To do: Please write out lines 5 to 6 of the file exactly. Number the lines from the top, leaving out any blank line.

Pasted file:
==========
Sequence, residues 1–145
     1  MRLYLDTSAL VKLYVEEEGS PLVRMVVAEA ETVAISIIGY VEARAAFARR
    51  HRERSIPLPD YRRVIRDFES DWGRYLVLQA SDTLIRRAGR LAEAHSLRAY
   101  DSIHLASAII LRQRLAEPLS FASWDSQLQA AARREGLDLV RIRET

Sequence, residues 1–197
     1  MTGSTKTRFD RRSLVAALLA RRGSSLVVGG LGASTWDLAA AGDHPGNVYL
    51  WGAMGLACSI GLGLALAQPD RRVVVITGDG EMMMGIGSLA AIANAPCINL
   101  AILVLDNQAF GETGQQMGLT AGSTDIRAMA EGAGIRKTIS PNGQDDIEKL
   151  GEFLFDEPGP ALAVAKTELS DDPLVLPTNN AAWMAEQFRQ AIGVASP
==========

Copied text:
Sequence, residues 1–197
     1  MTGSTKTRFD RRSLVAALLA RRGSSLVVGG LGASTWDLAA AGDHPGNVYL